Recovering from an Eating Disorder takes courage, tenacity and TIME. There is no quick fix. Living with someone who is recovering is amazingly hard too. If you know someone who is struggling then be patient with them and be kind. Try not to tell them they look like they have put on weight or that you’ve noticed they are eating more. Just support them quietly and gently, ask them if/how they need support. Give them time. It takes time to become ill so it will take time to get well also. Lastly remember that just because someone is a normal weight does not mean they are all better.

Bye Bye NHS, Hello Freelance World.

So this week has been a momentous one for me, in fact this month has been pretty huge. At the start of this month and this year I won an #SBS award from Theo Paphitis (Dragon’s Den), a huge surprise and honour. Then I had the excitement of my new logo being unveiled, which makes me smile everytime I use it.

Dietitian UK


So after all that fun I then had another momentous occasion this month… my last day of working for the NHS.

I’ve worked for the Eating Disorder Service as part of Southern Health NHS Trust for 6 years and its fair to say I have really loved my job (well most of the time!). When I started in the position there had been no dietitian for some time, I was presented with 1 out of date diet sheet and a thin folder of paper, that was a dietetic department! Over my years there I have built up the resources, leaving behind me a wealth of diet sheets, folders full of the evidence base for all the advice I give out and resources for all the groups that are run. One big part of my job that I have loved is being part of the daycare team, eating meals with the clients (or watching them not eat as the case sometimes can be), cooking with them and running group sessions. It’s definitely not a job for the faint hearted but it is something I will miss.

Why have I done this? Well mainly due to having this little one to run around after. Working 9-5 for me just wasn’t going to work. So we’ve taken the plunge, pushed aside the stable income and am working in a way to suit family life. It’s a big leap for me but one that feels very right.

I’m now looking forward to the future of Freelance work. So if you need a dietitian to work with your company, to see you individually or to work with you on PR materials, please get in touch!

What is “Normal” Eating?

The words “normal” eating mean all kinds of things to all kinds of people. In my line of work with eating disorder clients I’m often encouraging them to move towards a more “normal” eating plan and we discuss what that looks like. Today I asked on twitter what “normal” eating means to people and below are some response combined with other responses from my group sessions with patients  and a few from myself 🙂 It generated quite a debate, so I thought I’d share it with you, what do you think?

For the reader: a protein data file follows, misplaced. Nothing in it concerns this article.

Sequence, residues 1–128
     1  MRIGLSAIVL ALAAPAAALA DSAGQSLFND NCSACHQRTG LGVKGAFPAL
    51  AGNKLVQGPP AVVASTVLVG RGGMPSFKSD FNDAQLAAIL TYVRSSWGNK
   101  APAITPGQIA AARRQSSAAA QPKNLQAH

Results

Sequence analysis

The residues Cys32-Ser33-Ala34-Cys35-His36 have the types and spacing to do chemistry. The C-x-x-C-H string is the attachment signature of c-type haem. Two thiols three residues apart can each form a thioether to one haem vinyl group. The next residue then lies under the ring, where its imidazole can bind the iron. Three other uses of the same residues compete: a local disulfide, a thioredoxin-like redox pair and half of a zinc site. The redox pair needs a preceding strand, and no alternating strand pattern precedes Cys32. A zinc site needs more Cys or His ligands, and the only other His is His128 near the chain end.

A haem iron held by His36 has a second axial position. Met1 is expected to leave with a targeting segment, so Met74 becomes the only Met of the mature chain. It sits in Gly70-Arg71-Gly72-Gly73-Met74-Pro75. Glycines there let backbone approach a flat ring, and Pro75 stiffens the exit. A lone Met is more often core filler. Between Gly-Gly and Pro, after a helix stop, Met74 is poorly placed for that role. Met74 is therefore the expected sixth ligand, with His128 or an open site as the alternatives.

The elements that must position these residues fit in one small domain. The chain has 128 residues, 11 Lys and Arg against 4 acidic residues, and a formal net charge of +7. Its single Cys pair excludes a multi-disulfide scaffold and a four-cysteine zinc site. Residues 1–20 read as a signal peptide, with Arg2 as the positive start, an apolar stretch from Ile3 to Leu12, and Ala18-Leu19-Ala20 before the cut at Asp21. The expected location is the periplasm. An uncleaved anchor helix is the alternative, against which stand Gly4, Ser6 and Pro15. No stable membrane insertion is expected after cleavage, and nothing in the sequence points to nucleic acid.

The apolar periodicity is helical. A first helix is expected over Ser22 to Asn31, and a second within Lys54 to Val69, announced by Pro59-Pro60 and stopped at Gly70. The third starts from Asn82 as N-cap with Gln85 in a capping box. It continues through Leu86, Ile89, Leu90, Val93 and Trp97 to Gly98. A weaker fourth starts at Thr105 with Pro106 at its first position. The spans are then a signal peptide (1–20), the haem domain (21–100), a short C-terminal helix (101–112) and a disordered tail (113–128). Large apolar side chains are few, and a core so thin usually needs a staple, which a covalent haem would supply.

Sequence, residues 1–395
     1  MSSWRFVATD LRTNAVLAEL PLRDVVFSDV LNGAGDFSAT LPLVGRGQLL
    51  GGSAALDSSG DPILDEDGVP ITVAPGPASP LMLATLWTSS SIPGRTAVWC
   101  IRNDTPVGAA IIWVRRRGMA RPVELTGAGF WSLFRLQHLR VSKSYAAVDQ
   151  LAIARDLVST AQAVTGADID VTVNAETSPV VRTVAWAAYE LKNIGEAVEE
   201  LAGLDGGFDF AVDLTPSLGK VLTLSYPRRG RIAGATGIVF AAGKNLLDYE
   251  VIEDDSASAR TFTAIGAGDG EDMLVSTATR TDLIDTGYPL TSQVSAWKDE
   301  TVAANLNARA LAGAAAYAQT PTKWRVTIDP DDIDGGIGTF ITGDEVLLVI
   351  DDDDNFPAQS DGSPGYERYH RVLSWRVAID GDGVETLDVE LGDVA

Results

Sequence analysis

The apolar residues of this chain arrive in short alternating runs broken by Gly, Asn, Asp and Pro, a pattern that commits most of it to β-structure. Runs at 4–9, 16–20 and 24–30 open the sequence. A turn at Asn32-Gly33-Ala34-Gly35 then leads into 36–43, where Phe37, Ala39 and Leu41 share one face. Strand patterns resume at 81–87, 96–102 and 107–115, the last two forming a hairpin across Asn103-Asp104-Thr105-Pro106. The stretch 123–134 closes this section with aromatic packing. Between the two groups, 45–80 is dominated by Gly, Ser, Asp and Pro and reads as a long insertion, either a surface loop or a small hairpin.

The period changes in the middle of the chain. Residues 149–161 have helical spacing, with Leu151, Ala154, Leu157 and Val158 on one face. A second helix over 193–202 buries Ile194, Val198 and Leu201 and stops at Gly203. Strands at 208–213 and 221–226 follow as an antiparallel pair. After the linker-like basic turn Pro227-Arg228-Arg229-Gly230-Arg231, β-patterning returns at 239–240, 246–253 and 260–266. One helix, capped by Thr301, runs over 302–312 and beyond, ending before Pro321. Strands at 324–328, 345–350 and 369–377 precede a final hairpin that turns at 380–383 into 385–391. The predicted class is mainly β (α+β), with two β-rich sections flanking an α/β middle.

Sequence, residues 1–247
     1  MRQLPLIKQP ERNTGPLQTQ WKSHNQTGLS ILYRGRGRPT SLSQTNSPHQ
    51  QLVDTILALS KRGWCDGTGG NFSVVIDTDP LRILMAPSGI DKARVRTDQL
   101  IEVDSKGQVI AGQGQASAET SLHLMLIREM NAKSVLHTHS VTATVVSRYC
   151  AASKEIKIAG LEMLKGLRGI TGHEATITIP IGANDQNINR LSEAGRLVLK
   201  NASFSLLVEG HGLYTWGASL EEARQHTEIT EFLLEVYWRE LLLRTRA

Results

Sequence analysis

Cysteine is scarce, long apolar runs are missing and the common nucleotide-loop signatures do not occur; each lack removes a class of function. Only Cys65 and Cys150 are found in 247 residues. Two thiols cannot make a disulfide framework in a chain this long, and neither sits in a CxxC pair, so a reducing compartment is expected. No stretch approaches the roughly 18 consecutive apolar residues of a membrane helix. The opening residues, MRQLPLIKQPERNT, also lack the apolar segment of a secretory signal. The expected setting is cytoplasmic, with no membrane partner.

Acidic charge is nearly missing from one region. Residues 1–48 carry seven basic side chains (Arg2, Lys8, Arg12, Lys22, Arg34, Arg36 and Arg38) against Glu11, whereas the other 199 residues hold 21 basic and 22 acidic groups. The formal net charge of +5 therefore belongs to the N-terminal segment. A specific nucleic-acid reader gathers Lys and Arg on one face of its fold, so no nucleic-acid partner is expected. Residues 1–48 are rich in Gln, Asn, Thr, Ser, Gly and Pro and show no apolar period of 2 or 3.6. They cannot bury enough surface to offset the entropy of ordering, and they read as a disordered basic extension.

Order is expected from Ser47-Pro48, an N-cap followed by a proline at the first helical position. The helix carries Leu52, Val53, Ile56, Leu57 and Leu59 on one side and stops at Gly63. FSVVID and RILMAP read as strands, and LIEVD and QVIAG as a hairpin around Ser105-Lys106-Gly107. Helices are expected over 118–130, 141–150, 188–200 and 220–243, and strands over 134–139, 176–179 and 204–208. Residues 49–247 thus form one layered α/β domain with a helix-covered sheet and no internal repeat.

Normal Eating is:

  • eating something at least three times a day.
  • eating more than you feel you need to eat on some occasions (over-eating) and eating less than you need on other occasions (under-eating).
  • Listen to your body, eat when hungry, stop when full. No food is bad food, everything in moderation.
  • A regular meal pattern that maintains a healthy body weight & provides a correct balance of nutrients.
  • Ensuring a healthy balanced diet for optimal health & wellbeing with enough fluid too.
  • Not eating in response to your emotions, so eating or not eating on occasions because you feel unhappy, “bad”, or tense.
  • eating foods, without feeling guilty.
  • eating in a flexible way so that it does not interfere with your work, study or social  life.
  • eating sufficient food and a variety of foods, all things in moderation.
  • being aware that eating is not the most important thing in life but knowing that it is important for good health.


Normal Eating is:

  • not counting calories weighing food, or following a strict diet.
  • not always eating low calorie/diet foods
  • not eating to lose weight but knowing that you can “watch your weight” if you want to.
  • not assuming that you can control the amount and type of food your body needs better than your body can.
  • not having to constantly weigh yourself for reassurance.



Visualisation leads to better dietary change

An interesting piece of research caught my eye this week. A team of psychology researchers in Montreal looked into how using mental imagery techniques may increase the likelihood of people eating more fruit and vegetables. They asked 177 students to aim to eat more fruit over the next 7 days. Those who planned, wrote it down and visualised how they were going to do it (e.g. where and when they would buy, prepare and eat the fruit) were twice as likely to increase their consumption.


This was based on sports psychology. “Athletes do lots of work mentally rehearsing their performances before competing and it’s often very successful. So we thought having people mentally rehearse how they were going to buy and eat their fruit should make it more likely that they would actually do it. And this is exactly what happened,” says Bärbel Knäuper.


As a dietitian part of my job is helping people plan how they will manage to alter their eating habits so this research is further evidence that planning really is key. Talking through with someone what your long term goals are, how you can put them into place and having a short term goal to achieve are vital components of achieving dietary change.